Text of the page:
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of language and the necessary use of the article and auxiliary verbs, which offer so great an impediment to the Translator in modern tongues. It is difficult to dance in fetters, and when the limbs are too closely cramped the fetters must be in some degree relaxed.

Something, however, may be done when clothing Horace in an English garb, and something I hope to have accomplished. True poetry may be transfused from one language into another; the correct meaning may be re-embodied; the moral colouring may be transferred; the sly joke may be relished in English as well as in Latin ; the wine-cup may again flow in Claret if not in Falernian ; and the heart again grow warm with the accents of friendship or of love. Some of our greatest poets have not disdained this task of translation ; and if Dryden has succeeded in his magnificent paraphrase of the “ Tyrrhena regum progenies,” Milton, the greatest of modern poets (with all respect be it spoken), has failed in his “ Ode to Pyrrha.” The version is indeed executed with remarkable fidelity, but an English lyrical composition without the graces of rhyme, has little to recommend it; and he who could make use of such a phrase as the following -

“Who now enjoys thee, credulous, all gold,

seems to have been so absorbed in his Latin

as to have forgotten at the moment his English.

This failure by the greatest master of the English language may serve as a warning to those who imagine it possible to translate literally that same “felicity of words” already alluded to; while the success of Dryden's paraphrase, in some of its most striking passages, affords a better model for imitation.

This justly celebrated effort of translation will be found in its proper place, since I could neither hope to rival it by any performance of my own, nor could I content myself, on the other hand, with producing an inferior version ; and yet even this effort is by no means perfect as a translation. The fault of too redundant paraphrase may fairly be imputed to it; and numerous passages might be cited, redolent indeed of Dryden, but overpowering the simplicity of Horace. Also when he writes :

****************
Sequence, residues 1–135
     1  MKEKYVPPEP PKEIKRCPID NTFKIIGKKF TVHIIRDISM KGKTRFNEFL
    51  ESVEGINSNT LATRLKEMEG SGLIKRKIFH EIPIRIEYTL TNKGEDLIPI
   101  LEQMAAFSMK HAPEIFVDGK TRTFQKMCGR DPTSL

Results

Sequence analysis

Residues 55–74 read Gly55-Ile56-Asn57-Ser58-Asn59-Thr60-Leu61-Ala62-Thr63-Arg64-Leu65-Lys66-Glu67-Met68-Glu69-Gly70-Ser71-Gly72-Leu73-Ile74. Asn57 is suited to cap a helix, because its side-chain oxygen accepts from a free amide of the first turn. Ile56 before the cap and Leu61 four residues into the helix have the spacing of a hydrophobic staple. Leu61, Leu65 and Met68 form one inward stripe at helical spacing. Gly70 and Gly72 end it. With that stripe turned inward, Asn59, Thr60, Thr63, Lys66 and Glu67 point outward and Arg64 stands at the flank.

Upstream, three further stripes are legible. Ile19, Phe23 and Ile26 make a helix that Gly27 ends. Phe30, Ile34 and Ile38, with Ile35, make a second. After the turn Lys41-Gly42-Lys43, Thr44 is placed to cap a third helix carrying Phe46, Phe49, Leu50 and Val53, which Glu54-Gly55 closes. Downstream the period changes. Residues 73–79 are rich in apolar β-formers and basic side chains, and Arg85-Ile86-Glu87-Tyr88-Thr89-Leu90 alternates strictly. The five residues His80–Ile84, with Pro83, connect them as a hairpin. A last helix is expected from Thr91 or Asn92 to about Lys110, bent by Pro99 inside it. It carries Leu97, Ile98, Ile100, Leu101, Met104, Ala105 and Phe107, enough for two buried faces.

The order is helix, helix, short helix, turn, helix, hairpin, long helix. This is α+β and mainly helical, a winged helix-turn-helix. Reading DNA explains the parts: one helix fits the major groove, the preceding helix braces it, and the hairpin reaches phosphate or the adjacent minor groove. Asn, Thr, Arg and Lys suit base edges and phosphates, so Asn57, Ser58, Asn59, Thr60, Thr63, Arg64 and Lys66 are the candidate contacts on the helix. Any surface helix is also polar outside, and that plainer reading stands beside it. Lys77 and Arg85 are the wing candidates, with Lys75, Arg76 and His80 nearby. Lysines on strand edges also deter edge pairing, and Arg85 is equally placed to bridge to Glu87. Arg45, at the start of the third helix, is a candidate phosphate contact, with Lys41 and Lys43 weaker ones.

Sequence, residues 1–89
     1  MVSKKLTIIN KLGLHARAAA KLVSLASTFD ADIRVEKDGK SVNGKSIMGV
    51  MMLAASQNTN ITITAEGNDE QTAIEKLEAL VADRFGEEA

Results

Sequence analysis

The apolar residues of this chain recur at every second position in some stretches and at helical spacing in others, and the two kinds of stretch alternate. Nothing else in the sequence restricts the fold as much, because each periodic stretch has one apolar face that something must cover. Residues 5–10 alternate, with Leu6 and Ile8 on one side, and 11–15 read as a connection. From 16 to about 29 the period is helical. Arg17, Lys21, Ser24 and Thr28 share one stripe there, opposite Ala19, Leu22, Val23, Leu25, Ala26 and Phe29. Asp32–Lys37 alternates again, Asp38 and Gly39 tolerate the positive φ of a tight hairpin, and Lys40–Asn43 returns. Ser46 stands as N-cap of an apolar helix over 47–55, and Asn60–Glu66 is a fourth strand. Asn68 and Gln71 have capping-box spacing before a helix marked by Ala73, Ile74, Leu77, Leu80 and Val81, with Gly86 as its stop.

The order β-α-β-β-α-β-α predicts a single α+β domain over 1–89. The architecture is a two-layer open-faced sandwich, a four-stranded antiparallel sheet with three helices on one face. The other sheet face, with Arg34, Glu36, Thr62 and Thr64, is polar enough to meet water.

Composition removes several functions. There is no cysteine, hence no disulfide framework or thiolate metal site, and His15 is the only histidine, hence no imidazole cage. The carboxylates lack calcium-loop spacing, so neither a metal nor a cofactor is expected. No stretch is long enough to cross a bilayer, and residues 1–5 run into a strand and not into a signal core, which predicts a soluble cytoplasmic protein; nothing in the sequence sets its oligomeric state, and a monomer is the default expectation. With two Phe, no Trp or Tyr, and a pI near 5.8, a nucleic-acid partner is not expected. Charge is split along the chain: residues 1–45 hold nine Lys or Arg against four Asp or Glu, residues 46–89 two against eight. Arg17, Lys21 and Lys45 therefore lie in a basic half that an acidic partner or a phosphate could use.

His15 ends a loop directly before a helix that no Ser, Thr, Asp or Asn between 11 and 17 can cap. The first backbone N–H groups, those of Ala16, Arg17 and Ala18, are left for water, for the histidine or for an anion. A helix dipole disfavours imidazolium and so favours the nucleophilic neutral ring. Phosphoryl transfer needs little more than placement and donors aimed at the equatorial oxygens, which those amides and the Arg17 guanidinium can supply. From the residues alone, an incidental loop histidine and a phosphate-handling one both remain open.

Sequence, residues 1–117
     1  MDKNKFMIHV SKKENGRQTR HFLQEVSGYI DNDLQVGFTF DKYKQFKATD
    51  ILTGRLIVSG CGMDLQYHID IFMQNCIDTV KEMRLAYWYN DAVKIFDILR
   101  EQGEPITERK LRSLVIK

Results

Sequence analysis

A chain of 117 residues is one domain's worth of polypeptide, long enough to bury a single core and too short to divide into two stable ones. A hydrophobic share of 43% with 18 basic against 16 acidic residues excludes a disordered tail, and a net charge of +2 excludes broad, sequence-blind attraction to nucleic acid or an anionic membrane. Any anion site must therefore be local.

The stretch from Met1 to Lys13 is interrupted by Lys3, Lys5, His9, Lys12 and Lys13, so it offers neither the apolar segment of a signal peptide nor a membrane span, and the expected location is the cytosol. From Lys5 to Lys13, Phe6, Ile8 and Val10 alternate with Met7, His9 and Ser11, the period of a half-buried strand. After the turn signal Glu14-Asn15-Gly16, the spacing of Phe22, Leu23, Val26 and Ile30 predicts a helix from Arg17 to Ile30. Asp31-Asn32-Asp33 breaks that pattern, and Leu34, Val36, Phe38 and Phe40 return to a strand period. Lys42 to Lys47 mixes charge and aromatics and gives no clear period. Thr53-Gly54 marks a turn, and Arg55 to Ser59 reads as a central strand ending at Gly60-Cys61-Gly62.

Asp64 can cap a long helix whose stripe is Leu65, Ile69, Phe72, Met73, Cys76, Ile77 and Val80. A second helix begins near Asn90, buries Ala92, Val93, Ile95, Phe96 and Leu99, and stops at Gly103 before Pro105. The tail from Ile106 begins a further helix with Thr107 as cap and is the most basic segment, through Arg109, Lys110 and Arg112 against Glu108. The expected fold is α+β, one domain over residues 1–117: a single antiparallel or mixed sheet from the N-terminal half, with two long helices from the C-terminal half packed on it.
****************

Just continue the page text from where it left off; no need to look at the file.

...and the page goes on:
“ Thou, what befits the new Lord Mayor,

And what the City factions dare,
And what the Gallic arms will do,
And what the quiver-bearing foe,-
Art anxiously inquisitive to know;"

he seems for the moment to forget Mæcenas,

“ Descended of an ancient line

That long the Tuscan sceptre swayed,”

and to remember only Lawrence, earl of Rochester, to whom his translation is inscribed. Upon no other hypothesis can we reconcile the strange anachronisms in these lines.

It remains for me to notice the work of the Rev. Mr. Francis,' which, having long been the only complete translation of our poet, has almost acquired the dignity of an English Classic. To Francis must undoubt


edly be given the praise of having faithfully rendered the meaning of his author ; but he seems to me very deficient in the poetical temperament requisite to produce a translation that can be read with pleasure. Here and there some good lines may be found, but generally his versification is so rugged, and his expressions often so unrefined, as, to present in these respects a most unhappy contrast to his polished original :

“ Non satis est pulchra esse poemata, dulcia sunto,

Et quocunque volent animum auditoris agunto."

Whether, indeed, I may have succeeded better than my predecessor, the judgment of a discerning public will decide. I have at least not hastily or carelessly obtruded these versions on its notice, nor neglected the precept of


author in his “ Art of Poetry,” having laid them by for many a long year before venturing into print:

“Si quid tamen olim Scripseris, in Metii descendat judicis aures Et patris, et nostras, nonumque prematur in annum.” In conclusion, I desire to express my thanks to those friends in particular from whose critical acumen I hope to have derived some advantage, as I have certainly received much encouragement. First to my accomplished relative, the Dean of Christchurch, than whom few men will be found more competent to pronounce a verdict upon any classical composition; secondly, to my old and excellent friend, the Rev. W. N. Darnell, Rector of Stanhope; and thirdly, to the Ven. R. C. Coxe, Archdeacon of Lindisfarne.

To the criticisms of these most competent scholars I have generally deferred, since by such deference I testify the greater appreciation of their favourable opinions.

Finally, when I mention that in this work will be found spirited and accurate versions of two Odes from a much abler pen than mine, I feel how much the value of my

book will be enhanced in public estimation by these examples of the poetical talent of that noble and accomplished Earl, whose eloquent voice is so often heard with admiration within

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